It is a common view that government spending drives economic growth and development. However, history shows that it was the market economy, not the state, that produced the developed world’s economic growth and prosperity. The government has no resources on its own and must get its purchasing power by taking it from the private sector. It can do this and spend it on development, but without the price system, the government is unable to efficiently allocate resources more efficiently than can the market operating on its own.
In the process, the government undermines communities, steps on property rights, and distorts market signals that allow individuals to invest and purchase what is best for themselves. Ironically, this government distortion then creates more problems than before.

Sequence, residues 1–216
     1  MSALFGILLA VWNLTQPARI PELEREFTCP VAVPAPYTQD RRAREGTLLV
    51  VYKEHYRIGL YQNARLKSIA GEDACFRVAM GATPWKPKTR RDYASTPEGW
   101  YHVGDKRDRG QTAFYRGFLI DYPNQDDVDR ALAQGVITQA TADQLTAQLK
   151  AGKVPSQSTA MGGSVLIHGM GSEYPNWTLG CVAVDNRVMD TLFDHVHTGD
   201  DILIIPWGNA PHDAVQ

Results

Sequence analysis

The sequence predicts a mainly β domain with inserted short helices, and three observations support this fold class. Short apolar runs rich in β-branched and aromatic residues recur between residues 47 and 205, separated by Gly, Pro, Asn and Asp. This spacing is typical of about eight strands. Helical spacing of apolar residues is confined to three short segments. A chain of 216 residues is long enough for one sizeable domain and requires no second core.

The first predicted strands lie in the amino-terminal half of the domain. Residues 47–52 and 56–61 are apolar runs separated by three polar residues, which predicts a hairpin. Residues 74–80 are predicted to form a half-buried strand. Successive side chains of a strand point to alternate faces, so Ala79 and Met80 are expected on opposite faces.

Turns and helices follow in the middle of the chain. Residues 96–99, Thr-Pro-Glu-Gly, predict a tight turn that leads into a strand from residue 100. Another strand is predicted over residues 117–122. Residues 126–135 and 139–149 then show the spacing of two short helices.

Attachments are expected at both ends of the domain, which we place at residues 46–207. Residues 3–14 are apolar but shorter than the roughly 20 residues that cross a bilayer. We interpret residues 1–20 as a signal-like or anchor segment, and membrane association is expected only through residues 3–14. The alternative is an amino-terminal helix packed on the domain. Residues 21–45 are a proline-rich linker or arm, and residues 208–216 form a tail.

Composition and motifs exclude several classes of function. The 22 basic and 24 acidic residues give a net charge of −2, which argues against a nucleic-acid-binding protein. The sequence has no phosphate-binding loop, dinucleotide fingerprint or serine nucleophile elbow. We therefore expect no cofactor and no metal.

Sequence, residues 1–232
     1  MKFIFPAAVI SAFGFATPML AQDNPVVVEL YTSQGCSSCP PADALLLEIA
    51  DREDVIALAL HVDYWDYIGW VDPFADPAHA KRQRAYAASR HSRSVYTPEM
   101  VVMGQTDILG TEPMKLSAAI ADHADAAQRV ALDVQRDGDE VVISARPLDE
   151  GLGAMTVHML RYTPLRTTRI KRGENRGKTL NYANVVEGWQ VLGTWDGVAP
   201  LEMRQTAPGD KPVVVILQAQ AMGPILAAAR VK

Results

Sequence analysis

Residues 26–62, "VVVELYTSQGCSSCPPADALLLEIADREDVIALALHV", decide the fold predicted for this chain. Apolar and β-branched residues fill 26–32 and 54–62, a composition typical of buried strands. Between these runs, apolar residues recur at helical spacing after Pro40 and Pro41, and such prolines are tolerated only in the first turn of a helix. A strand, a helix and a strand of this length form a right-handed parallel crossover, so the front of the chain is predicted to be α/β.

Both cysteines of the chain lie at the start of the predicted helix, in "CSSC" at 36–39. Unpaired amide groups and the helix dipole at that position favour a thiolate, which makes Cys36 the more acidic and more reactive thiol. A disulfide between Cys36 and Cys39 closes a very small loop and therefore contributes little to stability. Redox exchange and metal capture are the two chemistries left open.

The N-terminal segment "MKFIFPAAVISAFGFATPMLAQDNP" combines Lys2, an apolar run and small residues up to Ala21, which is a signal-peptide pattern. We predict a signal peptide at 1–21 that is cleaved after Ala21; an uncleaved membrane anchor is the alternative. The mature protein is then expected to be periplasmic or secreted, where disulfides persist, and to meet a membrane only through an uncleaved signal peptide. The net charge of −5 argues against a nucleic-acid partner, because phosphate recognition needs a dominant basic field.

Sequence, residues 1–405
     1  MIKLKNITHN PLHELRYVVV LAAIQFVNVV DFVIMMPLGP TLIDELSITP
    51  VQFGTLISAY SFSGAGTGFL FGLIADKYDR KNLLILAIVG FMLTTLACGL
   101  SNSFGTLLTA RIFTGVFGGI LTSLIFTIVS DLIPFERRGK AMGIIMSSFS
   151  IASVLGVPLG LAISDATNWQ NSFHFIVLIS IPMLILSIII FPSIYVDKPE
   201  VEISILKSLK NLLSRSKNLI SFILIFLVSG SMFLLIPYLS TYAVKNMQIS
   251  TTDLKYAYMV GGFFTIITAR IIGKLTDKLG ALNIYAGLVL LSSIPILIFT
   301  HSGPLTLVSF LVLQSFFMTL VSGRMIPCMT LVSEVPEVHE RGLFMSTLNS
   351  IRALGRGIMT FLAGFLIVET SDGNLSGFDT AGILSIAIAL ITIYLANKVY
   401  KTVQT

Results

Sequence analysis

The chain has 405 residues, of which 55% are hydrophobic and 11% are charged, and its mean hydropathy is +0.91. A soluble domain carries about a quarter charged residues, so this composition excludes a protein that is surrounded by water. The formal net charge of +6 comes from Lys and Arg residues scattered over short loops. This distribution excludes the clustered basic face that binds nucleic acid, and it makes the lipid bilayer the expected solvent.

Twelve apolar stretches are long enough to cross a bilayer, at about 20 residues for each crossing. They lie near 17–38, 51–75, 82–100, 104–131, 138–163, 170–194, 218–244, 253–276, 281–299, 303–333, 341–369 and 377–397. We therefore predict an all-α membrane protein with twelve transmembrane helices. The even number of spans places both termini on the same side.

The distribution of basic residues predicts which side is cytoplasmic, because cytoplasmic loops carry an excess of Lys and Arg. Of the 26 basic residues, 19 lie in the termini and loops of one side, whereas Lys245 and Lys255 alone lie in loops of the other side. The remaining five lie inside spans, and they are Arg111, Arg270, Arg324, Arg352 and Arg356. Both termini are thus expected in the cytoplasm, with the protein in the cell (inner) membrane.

Much of the Economic Development spending by the federal government is administered by both the Department of Housing and Urban Development and the Department of Commerce. It includes community, area, and regional development, as well as economic “stimulus” spending for the advancement of commerce.
Learn more about Economic Development problems and solutions:
“Earthquakes and Economic Development”
William F. Shughart II (San Francisco Chronicle) January 21, 2010
“How Land-Use Planning Benefits Big Business Over Small”
Bruce L. Benson (The Freeman) May 1, 2008
“Kelo: Taking the E.D. out of Economic Development”
Edward J. López (North County Times) June 23, 2006
“Making Poor Nations Rich: Entrepreneurship and the Process of Economic Development”
Benjamin Powell (book summary)
Independent Institute Archive on Economic History and Development (International)
Independent Institute Archive on Economic History and Development (U.S.)
Independent Institute Archive on Economic Policy
The Center on Global Prosperity